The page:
High-speed Rail’s 1835 Underpinning
INCORPORATING SUCH UP-TO-THE- minute technologies as microprocessor control, solid-state electronics, data radio, and a tilting mechanism that banks them around curves, the new 150 mph Acela Express trains on Amtrak’s Washington-New York-Boston Northeast Corridor surely represent cutting-edge transportation for the twenty-first century. But these newest of trains travel over a civil engineer- ing infrastructure that owes much to the skills and foresight of engineers of the very early twentieth, and even the nineteenth, century. Those engineers were men who built well and built to last.
In New York the fast trains will climb high above the East River between the Bronx and Queens on the great steel arch Hell Gate Bridge completed by Gustav Lindenthal in 1917; they’ll reach Manhattan through Hudson and East River tunnels completed by the civil engineers Charles M. Jacobs and Alfred Noble in 1909. But even those are relatively new structures compared with the granite viaduct that will carry the new trains over the valley of a branch of the Neponset River at Canton, Massachusetts. The Canton Viaduct has been in service for 165 years now—and could easily last as many more.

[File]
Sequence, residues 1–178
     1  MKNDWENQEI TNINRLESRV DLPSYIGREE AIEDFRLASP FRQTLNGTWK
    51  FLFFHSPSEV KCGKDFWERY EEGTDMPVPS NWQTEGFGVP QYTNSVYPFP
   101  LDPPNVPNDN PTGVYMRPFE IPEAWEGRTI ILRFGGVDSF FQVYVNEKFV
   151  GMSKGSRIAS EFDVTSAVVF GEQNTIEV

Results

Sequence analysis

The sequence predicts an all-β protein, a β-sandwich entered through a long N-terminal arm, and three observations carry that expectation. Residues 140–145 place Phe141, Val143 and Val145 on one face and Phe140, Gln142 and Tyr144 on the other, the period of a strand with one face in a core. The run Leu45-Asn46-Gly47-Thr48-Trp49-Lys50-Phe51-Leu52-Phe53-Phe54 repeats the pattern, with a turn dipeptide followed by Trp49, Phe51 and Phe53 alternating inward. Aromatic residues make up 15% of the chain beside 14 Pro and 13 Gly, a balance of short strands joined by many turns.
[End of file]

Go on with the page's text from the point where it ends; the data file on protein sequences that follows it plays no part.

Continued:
It was built by the Boston & Providence, one of the earliest American railroads, which began laying its 42-mile line south from Boston in 1832. The railroad’s chief engineer was Capt. William Gibbs McNeill, an 1817 West Point graduate and one of a cadre of U.S. Army engineers who helped build the nation’s first canals and railroads. After an early assignment surveying the Atlantic Coast and the Gulf of Mexico with the Army’s topographical corps, McNeill served as aide-de-camp to Andrew Jackson in the Seminole War. In 1828 he was sent to England to study railway-engineering practice and then returned home to help build the pioneer Baltimore & Ohio.